AKRON, Ohio – With the intent to create a healthier community and lessen the burden of disease in Akron, the Austen BioInnovation Institute in Akron (ABIA) has launched its Accountable Care Community initiative at the conference “Healthier by Design: Creating Accountable Care Communities” held today.
Led by national and regional health and wellness thought-leaders, the strategic discussion is the first step in building a plan of health promotion and disease prevention that determines how to best deliver and provide access to quality care and services for the entire community. The ABIA initiative, known as Accountable Care Community (ACC), integrates area assets into a shared responsibility framework among regional institutions to enable improvement in population health, to close gaps in healthcare delivery, and to measure impact as innovative health strategies are implemented, according to Dr. Janine E. Janosky, Vice President of ABIA’s Center for Clinical and Community Health Improvement.
“The purpose of creating an ACC is to develop a sustainable health model for the Akron region that will lessen the burden of disease, and achieve a level of success that can be replicated across the country,” states Dr. Frank L. Douglas, ABIA President and CEO. “In implementing an Accountable Care Community, we will reduce health care costs and improve lives and the productivity of our community.”
The ACC effort is at the forefront of developing healthier communities and has great significance in light of recent healthcare reforms at the national level and increasing prominence of Accountable Care Organizations (ACO). An ACO is a network of doctors and hospitals that share responsibility for providing care to patients.
Taking this concept one step further, an ACC uses a collaborative, multi-institution approach that emphasizes a shared responsibility for the health of the community. By focusing on chronic diseases, such as diabetes, obesity, asthma and hypertension, and integrating the efforts of health-focused community organizations, community wellness and quality of life increases. Additionally, ACCs lower healthcare costs and increase productivity thus benefitting the local economy.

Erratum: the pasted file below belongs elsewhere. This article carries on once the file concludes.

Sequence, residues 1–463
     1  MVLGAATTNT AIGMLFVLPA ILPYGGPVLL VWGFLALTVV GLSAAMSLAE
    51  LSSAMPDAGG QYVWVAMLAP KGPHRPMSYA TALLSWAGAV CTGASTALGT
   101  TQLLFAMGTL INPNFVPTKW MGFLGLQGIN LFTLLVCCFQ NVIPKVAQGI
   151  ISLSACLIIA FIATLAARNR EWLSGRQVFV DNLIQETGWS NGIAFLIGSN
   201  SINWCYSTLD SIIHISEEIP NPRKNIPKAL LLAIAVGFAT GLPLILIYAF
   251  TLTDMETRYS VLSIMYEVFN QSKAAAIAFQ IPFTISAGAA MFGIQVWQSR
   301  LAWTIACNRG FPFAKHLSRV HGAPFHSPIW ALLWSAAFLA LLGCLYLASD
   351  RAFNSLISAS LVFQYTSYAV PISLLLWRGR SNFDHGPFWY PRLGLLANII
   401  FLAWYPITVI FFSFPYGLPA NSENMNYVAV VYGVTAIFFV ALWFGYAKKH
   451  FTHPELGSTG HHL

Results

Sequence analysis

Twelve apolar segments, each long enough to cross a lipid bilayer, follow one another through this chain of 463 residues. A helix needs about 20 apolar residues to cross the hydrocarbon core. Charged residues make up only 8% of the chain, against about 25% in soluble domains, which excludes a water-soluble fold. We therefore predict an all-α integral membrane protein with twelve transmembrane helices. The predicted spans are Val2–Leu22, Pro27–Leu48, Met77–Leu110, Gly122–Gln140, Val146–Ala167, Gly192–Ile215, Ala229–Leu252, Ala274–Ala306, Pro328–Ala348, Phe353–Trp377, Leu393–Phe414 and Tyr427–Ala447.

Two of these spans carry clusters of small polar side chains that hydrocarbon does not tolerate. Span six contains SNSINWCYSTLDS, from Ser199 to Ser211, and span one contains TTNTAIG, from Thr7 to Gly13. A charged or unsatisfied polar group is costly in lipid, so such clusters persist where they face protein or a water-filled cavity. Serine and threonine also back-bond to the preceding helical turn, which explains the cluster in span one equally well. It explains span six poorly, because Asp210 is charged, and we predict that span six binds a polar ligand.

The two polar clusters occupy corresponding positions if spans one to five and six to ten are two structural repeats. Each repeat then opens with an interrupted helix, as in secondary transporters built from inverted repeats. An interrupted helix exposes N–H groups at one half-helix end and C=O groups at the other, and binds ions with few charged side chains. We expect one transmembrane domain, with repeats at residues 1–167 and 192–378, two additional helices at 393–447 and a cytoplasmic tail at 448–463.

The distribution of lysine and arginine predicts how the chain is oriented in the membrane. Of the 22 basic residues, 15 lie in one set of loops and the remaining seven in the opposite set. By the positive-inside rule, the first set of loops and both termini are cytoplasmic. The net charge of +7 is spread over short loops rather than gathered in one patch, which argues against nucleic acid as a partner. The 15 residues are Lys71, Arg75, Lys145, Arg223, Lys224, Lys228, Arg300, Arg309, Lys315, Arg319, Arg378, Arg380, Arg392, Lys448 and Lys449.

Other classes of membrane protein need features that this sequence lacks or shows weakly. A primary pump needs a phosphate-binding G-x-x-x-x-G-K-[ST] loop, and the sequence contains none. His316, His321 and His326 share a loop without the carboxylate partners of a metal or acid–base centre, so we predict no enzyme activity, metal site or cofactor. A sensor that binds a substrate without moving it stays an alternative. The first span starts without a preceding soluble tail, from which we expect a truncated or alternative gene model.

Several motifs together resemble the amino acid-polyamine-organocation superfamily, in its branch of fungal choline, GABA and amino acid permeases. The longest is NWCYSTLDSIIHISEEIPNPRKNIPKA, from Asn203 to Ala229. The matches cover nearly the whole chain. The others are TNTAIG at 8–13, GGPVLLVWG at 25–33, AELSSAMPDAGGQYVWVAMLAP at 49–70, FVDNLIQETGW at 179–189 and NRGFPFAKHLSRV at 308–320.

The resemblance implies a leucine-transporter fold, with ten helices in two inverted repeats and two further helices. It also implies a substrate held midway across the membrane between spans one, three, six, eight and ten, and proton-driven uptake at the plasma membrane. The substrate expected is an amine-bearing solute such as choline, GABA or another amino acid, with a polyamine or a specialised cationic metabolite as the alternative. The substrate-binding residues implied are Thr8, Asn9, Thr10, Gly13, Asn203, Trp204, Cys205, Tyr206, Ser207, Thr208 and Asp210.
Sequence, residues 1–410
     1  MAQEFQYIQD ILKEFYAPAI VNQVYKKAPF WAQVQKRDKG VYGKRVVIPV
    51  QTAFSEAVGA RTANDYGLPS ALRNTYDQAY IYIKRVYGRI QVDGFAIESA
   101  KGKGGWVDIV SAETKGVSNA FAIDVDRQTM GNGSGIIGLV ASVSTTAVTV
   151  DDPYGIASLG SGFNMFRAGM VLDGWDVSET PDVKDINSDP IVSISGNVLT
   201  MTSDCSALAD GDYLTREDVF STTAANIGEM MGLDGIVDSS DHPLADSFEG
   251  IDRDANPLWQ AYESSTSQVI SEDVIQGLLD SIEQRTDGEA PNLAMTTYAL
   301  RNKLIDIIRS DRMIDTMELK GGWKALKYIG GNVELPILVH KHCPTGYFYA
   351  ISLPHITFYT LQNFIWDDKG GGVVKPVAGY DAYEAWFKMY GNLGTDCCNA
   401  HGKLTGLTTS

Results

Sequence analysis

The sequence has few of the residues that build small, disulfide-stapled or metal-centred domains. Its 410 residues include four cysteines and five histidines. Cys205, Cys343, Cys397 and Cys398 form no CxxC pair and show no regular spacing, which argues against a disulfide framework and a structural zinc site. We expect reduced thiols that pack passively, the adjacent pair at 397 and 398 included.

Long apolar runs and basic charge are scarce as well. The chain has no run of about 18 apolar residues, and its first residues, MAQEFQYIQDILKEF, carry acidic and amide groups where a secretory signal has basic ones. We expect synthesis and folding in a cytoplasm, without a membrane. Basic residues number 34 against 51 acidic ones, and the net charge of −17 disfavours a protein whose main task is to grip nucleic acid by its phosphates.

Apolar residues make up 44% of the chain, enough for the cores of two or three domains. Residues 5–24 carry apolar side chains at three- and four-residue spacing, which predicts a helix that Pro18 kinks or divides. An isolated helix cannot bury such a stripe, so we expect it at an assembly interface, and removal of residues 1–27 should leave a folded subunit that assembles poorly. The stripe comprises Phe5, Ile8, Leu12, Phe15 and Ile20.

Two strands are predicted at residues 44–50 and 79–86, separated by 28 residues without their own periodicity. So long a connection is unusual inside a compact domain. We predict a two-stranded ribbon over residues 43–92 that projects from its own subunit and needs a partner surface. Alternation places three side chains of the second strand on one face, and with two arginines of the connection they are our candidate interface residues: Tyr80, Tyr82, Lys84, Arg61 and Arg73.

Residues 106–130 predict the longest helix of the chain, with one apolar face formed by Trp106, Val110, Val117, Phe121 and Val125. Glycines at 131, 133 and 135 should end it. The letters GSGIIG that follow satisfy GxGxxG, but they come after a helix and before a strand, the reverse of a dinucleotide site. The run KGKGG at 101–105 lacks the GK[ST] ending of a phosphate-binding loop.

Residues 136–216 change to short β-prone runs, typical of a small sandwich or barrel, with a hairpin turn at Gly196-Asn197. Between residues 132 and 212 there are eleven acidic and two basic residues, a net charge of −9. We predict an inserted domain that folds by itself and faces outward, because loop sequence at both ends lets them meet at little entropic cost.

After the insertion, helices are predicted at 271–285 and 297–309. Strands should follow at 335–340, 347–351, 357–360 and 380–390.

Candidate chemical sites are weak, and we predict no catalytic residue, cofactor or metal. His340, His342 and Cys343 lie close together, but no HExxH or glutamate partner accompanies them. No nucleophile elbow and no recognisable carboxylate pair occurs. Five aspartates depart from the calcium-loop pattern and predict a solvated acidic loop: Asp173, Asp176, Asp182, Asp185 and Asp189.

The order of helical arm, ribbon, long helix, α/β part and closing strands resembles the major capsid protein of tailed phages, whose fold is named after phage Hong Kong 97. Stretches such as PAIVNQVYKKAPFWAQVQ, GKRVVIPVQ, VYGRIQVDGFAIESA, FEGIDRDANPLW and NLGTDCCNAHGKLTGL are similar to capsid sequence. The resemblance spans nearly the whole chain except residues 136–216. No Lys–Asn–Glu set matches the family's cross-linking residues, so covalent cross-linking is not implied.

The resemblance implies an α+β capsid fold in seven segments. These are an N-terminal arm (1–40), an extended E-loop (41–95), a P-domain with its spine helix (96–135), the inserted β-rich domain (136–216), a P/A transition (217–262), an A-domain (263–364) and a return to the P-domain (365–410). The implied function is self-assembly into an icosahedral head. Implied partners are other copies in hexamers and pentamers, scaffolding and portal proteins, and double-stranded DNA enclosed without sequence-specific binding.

The development of an ACC speaks to the principles that ABIA was founded upon, which includes the aspiration to be nationally distinct in improving health outcomes with a focus upon the medically underserved.
“The goal of the ACC is to create a sustainable health model in Akron that can then be adapted and delivered in other communities,” says Janosky.
The initiative’s steering committee continues to develop a white paper to further guide Akron’s development of an ACC that will further expand the efficiency of budgets and resources, and develop research to improve health through community and practice-based interventions.
About the Austen BioInnovation Institute in Akron
The Austen BioInnovation Institute in Akron (ABIA) – an exceptional collaboration of Akron Children’s Hospital, Akron General Health System, Northeast Ohio Medical University (formerly Northeastern Ohio Universities Colleges of Medicine and Pharmacy), Summa Health System, The University of Akron and The John S. and James L. Knight Foundation – is focused on patient-centered innovation and commercialization at the intersection of biomaterials and medicine. The strategic alignment of public and private support, accompanied with Akron’s rich legacy in materials science, is working to pioneer the next generation of life-enhancing and life-saving innovation that will transform Akron into a model for biomedical discovery and enterprise and move the region toward a secure economic future by accelerating the creation of over 2,000 jobs during the next decade. For more information about ABIA, please visit www.abiakron.org.
Scott Rainone, Austen BioInnovation Institute in Akron, 330‐357-2932, email@example.com